What about democracy, the ability to elect and more importantly remove our leaders? Surely the West inherited this model from Judeo-Christian values? Absolutely not. Both the old and new Testament explicitly endorsed theocracy, which is a system of government in which one or more people rule in the name of a god or gods. Throughout history Judaism and Christianity have enforced such a government. For example in medieval Europe, which Judeo-Christian values absolutely dominated, the monarch could do whatever they wanted to whoever they wanted without justification because they had the Divine Right of Kings.

Actually, in medieval Europe, the church was incredibly powerful, and acted as a balance against the powers of monarchs. While it’s true that the Catholic church is not a democratic institution, early Christian churches were. The medieval rulers of Europe descended from Germanic tribes. As long as monarchy survived, democracy had little purpose.

The principle of democracy can be traced back 2500 years to Athens when Cleisthenes reformed their constitution so that randomly selected citizens could assume administrative and judicial offices. It wasn’t perfect as citizenship excluded women, slaves, foreigners, non land owners, and men under the age of 20. Unfortunately, the principle was buried during medieval Europe but it saw a significant resurgence in the 18th century due to enlightenment values. True democracy–as in all citizens who are mentally capable above the age of 18 being able to vote–was finally established in the 20th century three thousand seven hundred years after Judaism and 1900 years after Christianity.

It was only when monarchy began to fail, in the seventeenth century, that Christians, steeped in the philosophies of the ancient Greeks thanks to centuries of learning by the clergy, began to think about democracy as an alternative in Europe. However, the earliest experiments with it began much earlier, in the middle ages. Claiming anything happened 1900 years after Christianity makes no sense. Christianity did not “happen” 2000 years ago. It is still happening.

While we’re on the topic of suffrage, what about equality in general. Equal opportunity for all ethnicities, all sexes, all classes, all ages, and all sexual preferences. Was this beacon of freedom and equality a gift from Judaism or Christianity?

Equality of all is not a value of western civilization. Only citizens who owned property and had a stake in running the country were originally to have a vote. Also, giving the vote to children would be foolish.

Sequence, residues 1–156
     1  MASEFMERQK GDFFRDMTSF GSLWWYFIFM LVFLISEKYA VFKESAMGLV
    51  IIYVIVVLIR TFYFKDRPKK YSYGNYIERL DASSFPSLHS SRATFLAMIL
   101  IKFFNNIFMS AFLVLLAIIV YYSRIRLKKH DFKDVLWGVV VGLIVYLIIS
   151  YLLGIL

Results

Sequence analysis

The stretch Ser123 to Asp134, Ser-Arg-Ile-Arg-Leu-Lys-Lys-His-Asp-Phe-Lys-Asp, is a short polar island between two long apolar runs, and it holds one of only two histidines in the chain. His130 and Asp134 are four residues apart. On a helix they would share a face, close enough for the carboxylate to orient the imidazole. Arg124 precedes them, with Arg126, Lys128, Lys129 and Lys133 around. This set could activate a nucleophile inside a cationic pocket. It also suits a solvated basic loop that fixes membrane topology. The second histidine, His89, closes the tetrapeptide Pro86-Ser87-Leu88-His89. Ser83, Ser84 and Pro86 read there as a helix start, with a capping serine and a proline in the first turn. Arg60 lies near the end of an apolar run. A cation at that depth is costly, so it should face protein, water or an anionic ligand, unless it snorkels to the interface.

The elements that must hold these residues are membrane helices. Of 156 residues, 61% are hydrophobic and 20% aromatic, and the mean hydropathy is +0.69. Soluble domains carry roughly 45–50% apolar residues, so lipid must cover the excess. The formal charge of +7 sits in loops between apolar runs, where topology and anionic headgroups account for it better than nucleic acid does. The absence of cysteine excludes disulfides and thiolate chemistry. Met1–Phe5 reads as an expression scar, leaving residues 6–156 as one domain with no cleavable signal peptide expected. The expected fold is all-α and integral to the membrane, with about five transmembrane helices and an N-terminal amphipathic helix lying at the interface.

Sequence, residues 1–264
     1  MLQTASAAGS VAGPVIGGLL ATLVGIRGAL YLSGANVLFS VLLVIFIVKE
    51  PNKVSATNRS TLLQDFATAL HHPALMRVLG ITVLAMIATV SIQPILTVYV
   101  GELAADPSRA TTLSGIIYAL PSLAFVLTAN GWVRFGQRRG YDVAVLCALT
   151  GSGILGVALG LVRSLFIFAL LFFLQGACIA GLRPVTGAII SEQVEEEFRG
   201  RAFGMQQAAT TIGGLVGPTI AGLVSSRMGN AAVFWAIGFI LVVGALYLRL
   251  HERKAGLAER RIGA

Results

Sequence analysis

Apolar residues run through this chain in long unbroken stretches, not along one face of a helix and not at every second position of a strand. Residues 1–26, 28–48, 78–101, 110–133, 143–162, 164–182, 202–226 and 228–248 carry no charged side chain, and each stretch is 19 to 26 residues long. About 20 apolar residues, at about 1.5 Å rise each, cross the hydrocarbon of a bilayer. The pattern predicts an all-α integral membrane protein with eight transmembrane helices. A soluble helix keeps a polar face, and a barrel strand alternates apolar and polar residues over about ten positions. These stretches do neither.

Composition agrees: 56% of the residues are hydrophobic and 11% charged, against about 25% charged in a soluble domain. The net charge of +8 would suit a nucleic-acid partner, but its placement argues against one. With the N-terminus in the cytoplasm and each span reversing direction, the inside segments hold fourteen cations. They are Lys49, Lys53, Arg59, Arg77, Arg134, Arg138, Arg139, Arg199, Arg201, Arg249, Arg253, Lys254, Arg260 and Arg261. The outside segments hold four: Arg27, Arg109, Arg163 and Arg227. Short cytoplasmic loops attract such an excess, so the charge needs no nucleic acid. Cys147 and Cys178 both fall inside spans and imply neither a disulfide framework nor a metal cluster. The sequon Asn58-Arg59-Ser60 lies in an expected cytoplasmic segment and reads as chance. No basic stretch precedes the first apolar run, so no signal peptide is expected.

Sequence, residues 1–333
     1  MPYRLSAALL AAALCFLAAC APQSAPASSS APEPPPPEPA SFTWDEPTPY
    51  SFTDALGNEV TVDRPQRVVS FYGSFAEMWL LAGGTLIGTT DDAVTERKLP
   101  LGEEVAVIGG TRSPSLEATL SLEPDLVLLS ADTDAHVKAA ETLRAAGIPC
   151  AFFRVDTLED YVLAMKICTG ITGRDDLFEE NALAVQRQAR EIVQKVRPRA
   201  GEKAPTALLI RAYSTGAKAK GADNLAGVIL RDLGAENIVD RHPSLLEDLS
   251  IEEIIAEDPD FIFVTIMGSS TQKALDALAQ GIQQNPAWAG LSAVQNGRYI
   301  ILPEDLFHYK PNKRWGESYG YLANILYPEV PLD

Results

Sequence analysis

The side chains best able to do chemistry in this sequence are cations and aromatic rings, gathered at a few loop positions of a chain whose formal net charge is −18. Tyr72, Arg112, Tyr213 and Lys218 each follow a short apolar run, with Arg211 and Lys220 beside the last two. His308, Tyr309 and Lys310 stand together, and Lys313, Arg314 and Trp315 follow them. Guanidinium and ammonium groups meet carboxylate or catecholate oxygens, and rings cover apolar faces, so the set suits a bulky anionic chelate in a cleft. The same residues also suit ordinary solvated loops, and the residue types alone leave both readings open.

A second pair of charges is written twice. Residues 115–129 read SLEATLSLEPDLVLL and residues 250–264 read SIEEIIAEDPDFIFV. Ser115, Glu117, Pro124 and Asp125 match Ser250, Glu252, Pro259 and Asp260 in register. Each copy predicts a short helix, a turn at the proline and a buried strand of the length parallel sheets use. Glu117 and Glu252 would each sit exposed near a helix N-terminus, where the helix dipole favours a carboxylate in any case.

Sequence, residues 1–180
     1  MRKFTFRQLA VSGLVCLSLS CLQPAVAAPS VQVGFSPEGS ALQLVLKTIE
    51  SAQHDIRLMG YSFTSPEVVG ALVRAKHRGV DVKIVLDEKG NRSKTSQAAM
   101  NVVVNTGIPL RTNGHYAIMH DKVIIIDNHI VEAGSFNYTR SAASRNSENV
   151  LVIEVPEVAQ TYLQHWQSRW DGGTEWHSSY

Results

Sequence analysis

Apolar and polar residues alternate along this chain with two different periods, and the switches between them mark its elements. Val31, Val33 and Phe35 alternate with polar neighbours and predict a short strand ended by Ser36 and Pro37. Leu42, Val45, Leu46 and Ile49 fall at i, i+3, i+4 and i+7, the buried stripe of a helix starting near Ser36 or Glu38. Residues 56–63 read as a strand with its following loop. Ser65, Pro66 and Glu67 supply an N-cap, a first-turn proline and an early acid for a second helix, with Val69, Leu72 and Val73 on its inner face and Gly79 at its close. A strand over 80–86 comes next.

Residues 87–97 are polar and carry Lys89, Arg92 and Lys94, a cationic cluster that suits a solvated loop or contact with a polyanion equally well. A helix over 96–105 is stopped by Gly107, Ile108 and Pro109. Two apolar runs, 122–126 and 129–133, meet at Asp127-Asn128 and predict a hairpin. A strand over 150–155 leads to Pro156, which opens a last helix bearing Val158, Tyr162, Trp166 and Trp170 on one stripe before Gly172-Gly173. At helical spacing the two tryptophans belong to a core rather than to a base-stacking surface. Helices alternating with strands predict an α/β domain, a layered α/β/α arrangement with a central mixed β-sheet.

Judeo-Christian edicts fervently oppose such equality, demanding the subordination of women the execution of homosexuals and, as already mentioned, the endorsement of slavery and the execution of blasphemers. It’s no surprise that medieval Europe embodied precisely that.

Equal treatment for women and homosexuals was not a value of western civilization until very recently. I would argue that it came out of the same social roots that led to democracy and the end of slavery, and those were Christian.

I could go on by tracing back the foundation of all Western values and practices such as Easter and Christmas which are both pagan festivals that have been appropriated by Christianity.

Wrong and wrong. Christians knew that their religious holidays would be accepted by the pagan cultures they were converting if they were allowed to celebrate the Christian holidays at the same times of year that the old pagan holidays were celebrated. For devout Christians, Easter and Christmas were not pagan holidays.

I think I’ve more than made my point. Western civilization did not emerge from Judeo-Christian values; it emerged despite them. Western civilization was conceived in ancient Athens and it flourished during the Age of Enlightenment, in direct opposition to Judeo-Christian values.

The Age of Enlightenment happened because of Christian scholars. They did not oppose Judeo-Christian values. Rather, they harmonized the philosophies of the Greeks and the Catholics, and transformed them into western civilization.

I appreciate and acknowledge that many Jews and Christians played a significant role in shaping Western morality but they didn’t do so because of Judeo-Christian values. They did so because of their own evolved moral conscience, which they then projected onto their religion. That’s, why not surprisingly, absolute divine laws are forever changing.

Their own moral consciences evolved out of Judeo-Christian values. Laws such as the prohibition of murder and theft do not change. If you believe in relativism, and that one day, murder will be moral, I feel sorry for you.

If you want to argue that Christian morals did not come from God, you can make a case. Arguing that western civilization is not the product of Christianity is foolish. If you want to debunk Ken Ham, that’s easy. Before you try to take on Shapiro or Peterson, you better learn a lot more and think a lot deeper.

If you liked this post, you may want to check out Rationality Rules Statist Arguments Debunked.

About jimbelton

I'm a software developer, and a writer of both fiction and non-fiction, and I blog about movies, books, and philosophy. My interest in religious philosophy and the search for the truth inspires much of my writing.